THE curse of celebrity is that whatever you do is endlessly fascinating to the fan. If you put out the rubbish, how charmingly ordinary; if the rubbish is put out by a flunky in gold-sequined tails, how charmingly eccentric. In I Was . . . (Radio 4, Thursday of last week), in which flunkies to the stars recount their prize anecdotes, we get to indulge a fascination which is universal.
Last week, we heard about Stanley Kubrick — but it was the main character who held our interest: Anthony Frewin, an excellent, albeit under-stated, raconteur who has latterly found success as a scriptwriter.
Indeed, the best story of the half-hour has nothing to do with Kubrick at all, and everything to do with the English working mentality of the 1970s. Instructed by Kubrick to source Post-it notes for the production team, Frewin rings up the one company that supplies them, and asks whether Post-it notes could be made in different colours and sizes.
His enquiry is met with a sigh: “If there were other colours and other sizes, there would be no end to it!”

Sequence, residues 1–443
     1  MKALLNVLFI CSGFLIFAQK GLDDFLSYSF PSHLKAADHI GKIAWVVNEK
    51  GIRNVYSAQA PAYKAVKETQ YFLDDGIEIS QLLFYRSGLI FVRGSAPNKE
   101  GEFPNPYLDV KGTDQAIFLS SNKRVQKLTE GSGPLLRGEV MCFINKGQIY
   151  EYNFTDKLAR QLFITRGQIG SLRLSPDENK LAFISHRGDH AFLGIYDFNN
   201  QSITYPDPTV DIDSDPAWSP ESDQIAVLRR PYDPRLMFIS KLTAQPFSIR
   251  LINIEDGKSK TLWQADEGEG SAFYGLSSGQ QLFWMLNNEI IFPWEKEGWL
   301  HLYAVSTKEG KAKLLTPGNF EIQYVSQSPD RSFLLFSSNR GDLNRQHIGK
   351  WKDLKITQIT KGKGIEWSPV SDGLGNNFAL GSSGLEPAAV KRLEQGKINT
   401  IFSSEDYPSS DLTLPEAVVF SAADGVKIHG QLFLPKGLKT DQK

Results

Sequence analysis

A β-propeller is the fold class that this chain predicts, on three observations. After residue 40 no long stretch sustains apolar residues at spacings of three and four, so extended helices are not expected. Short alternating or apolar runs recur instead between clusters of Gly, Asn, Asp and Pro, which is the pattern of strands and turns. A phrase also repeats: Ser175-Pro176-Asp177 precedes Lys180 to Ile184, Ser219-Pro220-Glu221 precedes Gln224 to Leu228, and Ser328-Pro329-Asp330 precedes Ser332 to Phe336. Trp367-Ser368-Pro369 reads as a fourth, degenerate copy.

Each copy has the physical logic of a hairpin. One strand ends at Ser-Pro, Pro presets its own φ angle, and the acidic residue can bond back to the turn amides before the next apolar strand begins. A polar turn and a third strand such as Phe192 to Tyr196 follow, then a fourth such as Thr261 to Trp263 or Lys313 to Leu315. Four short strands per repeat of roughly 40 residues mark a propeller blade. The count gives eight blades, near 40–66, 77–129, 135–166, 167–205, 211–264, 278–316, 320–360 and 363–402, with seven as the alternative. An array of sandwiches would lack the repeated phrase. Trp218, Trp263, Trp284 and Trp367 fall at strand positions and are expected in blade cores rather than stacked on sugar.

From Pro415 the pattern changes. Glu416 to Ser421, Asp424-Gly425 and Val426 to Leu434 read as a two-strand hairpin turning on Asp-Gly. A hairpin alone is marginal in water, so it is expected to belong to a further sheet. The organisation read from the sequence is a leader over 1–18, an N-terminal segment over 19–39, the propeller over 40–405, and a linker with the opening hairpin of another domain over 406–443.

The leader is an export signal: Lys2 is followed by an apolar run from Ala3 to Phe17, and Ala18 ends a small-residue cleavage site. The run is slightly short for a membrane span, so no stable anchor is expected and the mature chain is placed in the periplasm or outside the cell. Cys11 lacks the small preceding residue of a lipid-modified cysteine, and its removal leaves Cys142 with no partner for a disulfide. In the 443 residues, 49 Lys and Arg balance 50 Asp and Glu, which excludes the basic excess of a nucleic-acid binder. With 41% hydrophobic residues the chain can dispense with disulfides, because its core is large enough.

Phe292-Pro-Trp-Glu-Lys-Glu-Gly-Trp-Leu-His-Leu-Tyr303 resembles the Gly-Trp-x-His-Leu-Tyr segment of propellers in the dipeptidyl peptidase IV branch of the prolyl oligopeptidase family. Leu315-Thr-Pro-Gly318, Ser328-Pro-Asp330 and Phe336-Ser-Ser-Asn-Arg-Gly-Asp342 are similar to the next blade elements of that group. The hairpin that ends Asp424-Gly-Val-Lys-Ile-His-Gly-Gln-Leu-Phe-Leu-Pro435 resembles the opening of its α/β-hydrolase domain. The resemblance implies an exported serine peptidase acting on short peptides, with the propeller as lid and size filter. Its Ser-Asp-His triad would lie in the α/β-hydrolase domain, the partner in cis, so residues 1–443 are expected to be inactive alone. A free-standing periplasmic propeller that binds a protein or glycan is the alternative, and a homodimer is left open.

Of making many Post-it notes, as the author of Ecclesiastes tells us of books, there is no end. We cannot help commenting, whether by sticking bits of paper on documents or sticking our thoughts into a message on Twitter. In The Purity Spiral (Radio 4, Sunday) the journalist Gavin Hayes provided two case-studies in which the need to post comments online had driven a spiral of moral censorship that was no less ugly because the triggers for these “spirals” were debates about young adult fiction and knitting.
Nathan Taylor is famous in knitting circles. A YouTube and Instagram star, his patterns and methods are followed by thousands. When, in July 2018, he started a conversation about diversity in the knitting community and about minority representation, using the hashtag Diversknitty, he no doubt thought that he was doing something worthy.
Only when a torrent of lexical excreta descended on him from social media did he understand that he might, unwittingly, be a white supremacist, a Nazi, and all sorts besides. What this, and similar cases, demonstrate, according to Hayes, is the vulnerability of small, introverted communities to “a culture of moral outbidding”: a rush to the moral high ground.
Appalling as these instances are, one wonders whether Hayes overplays his own hand. One cannot ignore the nature of the stage on which all this abuse is played out. The immediacy with which social media enables us to connect our most intimate aggressions with a global audience creates a storm which seems so much greater than the teapot.
Nevertheless, there are professional academics — notably Professor Kehinde Andrews, a proponent of Critical Race Theory — who regard the “white supremacist” slur as entirely understandable within the context of contemporary race politics. Needless to say, he is big on Twitter.